Jana Prikryl RI '19 speaks with the Toronto Star about her newest collection, No Matter, "the kind of poetry to read while watching empires tear themselves apart."
Radcliffe fellow Tuna Şare-Ağtürk heads a team helping to preserve the ancient city of Nicomedia in modern-day Turkey.
The Institute honors the labor and civil rights activist for her six decades of fighting for marginalized peoples and communities.
Radcliffe’s Marketplace of Ideas entwines memories of family and friendship with activism.
On historical trails, trailblazing research, languages, and music, three-time Radcliffe Research Partner Adele Woodmansee '19 makes her way with confidence.
Mark Czeisler, Manuel Medrano, and Anwar Omeish win Fay Prize for scholarly excellence and outstanding original research.
Julie Orringer's new novel, The Flight Portfolio—which she worked on while a fellow at Radcliffe—focuses on Varian Fry, a Harvard grad who saved Jewish artists during World War II.
Tony Horwitz RI '06, the best-selling author, was known for embedding himself in the worlds he wrote about, whether joining a slaughterhouse assembly line or an army of Confederate battlefield re-enactors.
In a group interview, Tomiko Brown-Nagin, Claudine Gay, Bridget Terry Long, and Michelle Williams recall role models and describe the complexities of leading their schools at Harvard.
This Mexican-born Harvard College applied math concentrator and Radcliffe Research Partner wants to help fellow immigrants have a smoother path into STEM.
When he was young, Willie Cole repaired steam irons for his grandmother and great-grandmother, who were housekeepers. He honors them, and the backbreaking labor of legions of other women, in “Beauties,” his luminous show at Radcliffe.
The scholars, artists, scientists, and practitioners who comprise the incoming class of fellows will direct their creative and intellectual energy to addressing some of the most complex and urgent challenges of our time.
Radcliffe conference explores the nexus of race and justice through art.
Premiering as a competition film at Cannes, Radcliffe fellow Mati Diop’s new work focuses on a uniquely female angle of migration: the perspective of those who are left behind by the men that set out to find a better life elsewhere.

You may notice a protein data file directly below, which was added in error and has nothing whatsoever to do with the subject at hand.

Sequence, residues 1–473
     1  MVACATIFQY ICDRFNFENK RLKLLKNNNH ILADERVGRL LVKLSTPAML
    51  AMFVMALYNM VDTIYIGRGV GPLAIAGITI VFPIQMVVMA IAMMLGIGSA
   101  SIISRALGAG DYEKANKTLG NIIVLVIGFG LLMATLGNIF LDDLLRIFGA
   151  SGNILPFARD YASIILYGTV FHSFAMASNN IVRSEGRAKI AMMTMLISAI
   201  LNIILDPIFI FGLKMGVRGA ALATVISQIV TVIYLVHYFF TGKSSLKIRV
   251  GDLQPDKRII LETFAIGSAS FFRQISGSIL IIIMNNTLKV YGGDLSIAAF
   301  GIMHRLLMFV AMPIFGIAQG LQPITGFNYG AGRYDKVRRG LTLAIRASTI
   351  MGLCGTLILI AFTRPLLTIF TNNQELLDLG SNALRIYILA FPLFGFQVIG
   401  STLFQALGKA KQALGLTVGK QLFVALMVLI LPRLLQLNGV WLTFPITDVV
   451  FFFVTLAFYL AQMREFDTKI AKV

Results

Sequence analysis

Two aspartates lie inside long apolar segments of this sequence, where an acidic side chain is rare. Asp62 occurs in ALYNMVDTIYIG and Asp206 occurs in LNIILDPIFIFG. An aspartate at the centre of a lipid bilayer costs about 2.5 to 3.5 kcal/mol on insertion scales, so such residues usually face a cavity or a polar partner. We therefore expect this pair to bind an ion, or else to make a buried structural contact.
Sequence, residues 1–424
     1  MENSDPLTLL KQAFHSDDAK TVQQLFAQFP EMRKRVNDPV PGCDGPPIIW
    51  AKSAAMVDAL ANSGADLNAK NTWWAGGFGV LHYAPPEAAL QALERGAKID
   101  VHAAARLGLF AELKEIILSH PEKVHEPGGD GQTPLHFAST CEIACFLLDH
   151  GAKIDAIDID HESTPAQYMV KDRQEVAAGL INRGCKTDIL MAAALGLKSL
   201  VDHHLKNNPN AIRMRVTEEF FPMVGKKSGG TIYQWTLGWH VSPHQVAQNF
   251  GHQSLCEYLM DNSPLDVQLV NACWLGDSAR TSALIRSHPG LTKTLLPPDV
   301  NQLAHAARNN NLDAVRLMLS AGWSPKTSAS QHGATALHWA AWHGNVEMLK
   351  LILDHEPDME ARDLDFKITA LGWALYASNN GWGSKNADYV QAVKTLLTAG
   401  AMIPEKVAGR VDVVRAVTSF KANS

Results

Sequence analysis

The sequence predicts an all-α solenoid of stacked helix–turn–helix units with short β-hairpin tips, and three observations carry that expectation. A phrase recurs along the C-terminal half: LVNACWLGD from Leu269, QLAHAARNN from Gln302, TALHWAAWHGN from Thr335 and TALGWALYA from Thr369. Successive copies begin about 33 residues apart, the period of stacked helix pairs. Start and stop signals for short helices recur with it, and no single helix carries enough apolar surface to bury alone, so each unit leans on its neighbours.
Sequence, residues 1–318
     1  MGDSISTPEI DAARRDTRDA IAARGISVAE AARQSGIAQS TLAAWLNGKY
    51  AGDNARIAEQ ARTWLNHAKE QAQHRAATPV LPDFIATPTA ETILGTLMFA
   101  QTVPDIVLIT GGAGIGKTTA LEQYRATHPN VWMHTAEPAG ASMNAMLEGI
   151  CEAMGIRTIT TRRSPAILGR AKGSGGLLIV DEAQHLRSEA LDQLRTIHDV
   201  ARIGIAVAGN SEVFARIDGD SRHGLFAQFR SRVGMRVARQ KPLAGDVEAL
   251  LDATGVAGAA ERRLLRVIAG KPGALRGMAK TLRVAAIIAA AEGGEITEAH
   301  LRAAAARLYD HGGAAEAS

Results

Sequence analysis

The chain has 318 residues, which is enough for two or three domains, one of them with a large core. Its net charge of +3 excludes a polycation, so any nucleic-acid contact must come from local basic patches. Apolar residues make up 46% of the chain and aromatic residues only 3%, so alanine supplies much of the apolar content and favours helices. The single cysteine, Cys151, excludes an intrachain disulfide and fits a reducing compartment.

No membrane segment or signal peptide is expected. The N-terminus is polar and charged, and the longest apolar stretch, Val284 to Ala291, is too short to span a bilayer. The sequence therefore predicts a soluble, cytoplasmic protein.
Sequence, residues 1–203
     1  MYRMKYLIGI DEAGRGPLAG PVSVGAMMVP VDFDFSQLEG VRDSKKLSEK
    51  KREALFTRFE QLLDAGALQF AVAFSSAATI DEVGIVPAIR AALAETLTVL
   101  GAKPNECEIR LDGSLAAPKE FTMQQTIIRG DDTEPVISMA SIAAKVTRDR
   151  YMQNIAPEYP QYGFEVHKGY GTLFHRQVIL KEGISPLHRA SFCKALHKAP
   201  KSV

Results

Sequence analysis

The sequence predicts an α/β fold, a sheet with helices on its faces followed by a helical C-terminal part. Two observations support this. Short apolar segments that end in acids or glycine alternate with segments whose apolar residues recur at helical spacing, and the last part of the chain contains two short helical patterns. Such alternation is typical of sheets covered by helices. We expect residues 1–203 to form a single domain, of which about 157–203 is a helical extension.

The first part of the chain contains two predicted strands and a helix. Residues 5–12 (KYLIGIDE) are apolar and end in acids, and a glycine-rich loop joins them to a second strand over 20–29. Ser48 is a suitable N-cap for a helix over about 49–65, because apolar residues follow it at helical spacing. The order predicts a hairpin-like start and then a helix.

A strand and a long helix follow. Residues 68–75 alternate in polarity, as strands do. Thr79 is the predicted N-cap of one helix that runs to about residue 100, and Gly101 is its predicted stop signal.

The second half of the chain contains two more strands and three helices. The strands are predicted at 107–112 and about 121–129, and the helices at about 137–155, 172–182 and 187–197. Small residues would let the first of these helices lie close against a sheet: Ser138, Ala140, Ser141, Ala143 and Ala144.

In 2001, Janet Connors’ son, Joel James Turner, was stabbed to death in his Dorchester apartment. The grieving mother realized her path forward would be rooted in forgiveness, rather than retribution.
Radcliffe Professor Anthony Jack talks about his new book, The Privileged Poor, which addresses the struggles of low-income students at elite schools.
Pediatric oncologist Lisa Diller RI '19 is studying the implications of genetic testing in newborns.
San Juan mayor Carmen Yulín Cruz spoke at Radcliffe's "Unsettled Citizens" conference about how Puerto Ricans are US citizens but are not treated equally.
Francisco Goldman RI '19 explores New Bedford, Massachusetts, for his latest novel.
“Communication Can Be a . . . Drag” provided a fitting and “playful” introduction to a conference meant to examine gender expression.
As any writer will tell you, the process of writing is riddled with anguish, angst, and the ever-popular procrastination. For Lauren Groff RI '19, it’s also filled with productive failure.
In a day of discussions devoted to how humans use their bodies to communicate, the original voice of Siri shared her experience as the sound of Apple iPhone’s virtual assistant.
“It didn’t occur to me that a person of my background could be a writer,” said Min Jin Lee RI '19. “I didn’t know anyone from my background who was one.”
Brinda Rana—member of a NASA-sponsored research team examining what happens to astronauts during prolonged space flights—shared how zero gravity affects the body.
Even as climate change reaches new and terrifying levels, hope remains—but the time to act is now, says Daniel M. Kammen.
Radcliffe Professor Erica Chenoweth's research suggests that nonviolent civil resistance is far more successful in creating broad-based change than violent campaigns.
Lucia Jacobs RI '19 is exploring squirrel brains, particularly how the animals cache and retrieve their food and what happens in the memory-associated hippocampus during that process.
SETI astronomer Jill Tarter—who was among the speakers at this year’s Radcliffe science symposium, “The Undiscovered”—on the search for intelligent life.
Dean Tomiko Brown-Nagin emphasizes Radcliffe’s role as a place for members of the Harvard community to convene and collaborate with one another.
Composer, musicologist, and theremin player Dorit Chrysler set history to sound, without the slightest touch, in a presentation with physicist John Huth.